SINAE: Honestly, it came from a slightly odd ritual that my friend and I created. We usually get a baguette with goat cheese whenever we attend an event together. It was a coincidence that we got some the day we talked about the name of our collaboration and when we were brainstorming for a name for our collective, it struck me that my sack-like trousers reminded me of baguettes. The others found the juxtaposition between two words funny so we stuck with that.
CHLOE: It seemed really random, but it seemed to fit and I can’t really imagine us being called anything else now.
LUKE: I think it was supposed to be a placeholder name, but we grew fond of it.
AO: What are the advantages of banding as a collective in promoting your work? How much does collaboration and support of each other’s practice play a role in the aims of the collective?
ALL: Practically it keeps costs down when exhibiting at places such as ELCAF. We’re doing all 3 days and financially it would be a bit much to do that as an individual just starting out. On the work side of things, it’s a chance to bounce ideas off other people and see different ways of working. It’s good to know that you’re not alone. We’re all honest with each other, which helps get through the ups and downs. We keep coming back to the idea of the collective as a space for experimentation, which is a good way to view our aim.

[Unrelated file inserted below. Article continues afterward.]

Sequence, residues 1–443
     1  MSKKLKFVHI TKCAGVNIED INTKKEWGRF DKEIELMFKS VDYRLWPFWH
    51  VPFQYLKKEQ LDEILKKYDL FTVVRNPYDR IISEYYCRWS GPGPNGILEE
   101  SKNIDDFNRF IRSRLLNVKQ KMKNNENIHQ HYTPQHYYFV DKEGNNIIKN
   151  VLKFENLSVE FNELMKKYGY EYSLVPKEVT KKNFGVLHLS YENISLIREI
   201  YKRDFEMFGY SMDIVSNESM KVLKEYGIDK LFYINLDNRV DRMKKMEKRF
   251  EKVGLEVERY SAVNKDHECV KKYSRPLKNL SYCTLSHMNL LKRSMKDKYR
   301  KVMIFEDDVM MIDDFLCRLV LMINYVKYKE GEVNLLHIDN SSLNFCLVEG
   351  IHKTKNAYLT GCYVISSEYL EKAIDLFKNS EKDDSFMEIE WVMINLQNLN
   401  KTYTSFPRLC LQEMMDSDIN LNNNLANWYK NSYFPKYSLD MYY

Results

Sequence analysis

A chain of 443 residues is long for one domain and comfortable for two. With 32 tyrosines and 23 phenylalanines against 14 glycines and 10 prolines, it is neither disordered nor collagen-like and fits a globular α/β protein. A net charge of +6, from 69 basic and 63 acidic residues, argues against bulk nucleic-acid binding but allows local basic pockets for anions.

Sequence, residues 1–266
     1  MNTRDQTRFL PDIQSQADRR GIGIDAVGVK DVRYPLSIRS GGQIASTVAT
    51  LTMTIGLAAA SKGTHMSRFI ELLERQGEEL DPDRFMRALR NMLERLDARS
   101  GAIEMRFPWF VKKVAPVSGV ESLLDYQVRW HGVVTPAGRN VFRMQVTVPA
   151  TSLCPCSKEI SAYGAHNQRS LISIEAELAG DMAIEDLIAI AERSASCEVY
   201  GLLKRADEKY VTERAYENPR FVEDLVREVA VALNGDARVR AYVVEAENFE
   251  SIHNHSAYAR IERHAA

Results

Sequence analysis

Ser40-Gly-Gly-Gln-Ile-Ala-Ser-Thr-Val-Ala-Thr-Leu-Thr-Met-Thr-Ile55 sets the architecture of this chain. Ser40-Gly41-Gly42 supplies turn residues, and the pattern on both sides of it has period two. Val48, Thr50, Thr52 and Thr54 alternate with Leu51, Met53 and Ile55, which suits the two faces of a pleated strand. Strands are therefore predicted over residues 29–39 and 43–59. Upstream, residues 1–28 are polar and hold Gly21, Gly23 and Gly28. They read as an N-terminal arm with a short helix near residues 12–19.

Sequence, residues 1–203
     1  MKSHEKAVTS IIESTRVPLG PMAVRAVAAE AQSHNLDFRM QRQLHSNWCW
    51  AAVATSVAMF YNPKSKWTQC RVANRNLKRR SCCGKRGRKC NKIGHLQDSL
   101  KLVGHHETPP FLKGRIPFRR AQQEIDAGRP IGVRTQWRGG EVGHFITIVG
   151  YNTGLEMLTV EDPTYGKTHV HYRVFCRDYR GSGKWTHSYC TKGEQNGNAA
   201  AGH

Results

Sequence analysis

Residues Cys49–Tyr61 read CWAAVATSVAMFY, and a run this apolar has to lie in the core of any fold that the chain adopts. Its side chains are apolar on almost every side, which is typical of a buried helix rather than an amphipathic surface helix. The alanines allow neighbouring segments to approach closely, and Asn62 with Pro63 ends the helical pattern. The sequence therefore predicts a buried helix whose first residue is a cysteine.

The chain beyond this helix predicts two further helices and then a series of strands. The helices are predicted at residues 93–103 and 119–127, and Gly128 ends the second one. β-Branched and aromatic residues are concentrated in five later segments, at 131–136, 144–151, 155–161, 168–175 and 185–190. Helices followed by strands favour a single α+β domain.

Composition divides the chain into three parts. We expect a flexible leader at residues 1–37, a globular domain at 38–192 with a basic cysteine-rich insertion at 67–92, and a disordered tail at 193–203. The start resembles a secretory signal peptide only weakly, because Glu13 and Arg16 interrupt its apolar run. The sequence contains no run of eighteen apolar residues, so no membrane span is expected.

AO: You have a collective anthology Artificially Coloured debuting at ELCAF. What is the central theme of that comic?
SINAE: The theme of childhood objects came organically from my personal project where I explored food as a metaphorical object. As we discussed topics for collaboration project, I thought it would be an interesting topic since we would all present different but equally interesting perspectives on childhood objects. We found that despite our backgrounds being all very different and unique, the sentiments are quite similar in a way.
AO: Chloe, last year you were taking part in the ELCAF Springboard Meetings, getting feedback on your work from publishers. How does it feel to be exhibiting at ELCAF just one year later? And how much do you feel your work has developed in the past twelve months?
CHLOE: It feels exciting and quite surreal, I’d always imagined it taking a few tries to exhibit at ELCAF. I think I would be pretty overwhelmed if I wasn’t exhibiting with friends. I’ve only done a couple of smaller fairs in the past, so this feels like quite a step up, but it’s been really motivational. I feel like my work’s come a long way in a year. I’ve been experimenting more with style and storytelling, it feels like I’m getting closer to what I want my work to be, although I haven’t quite figured out what that even is yet!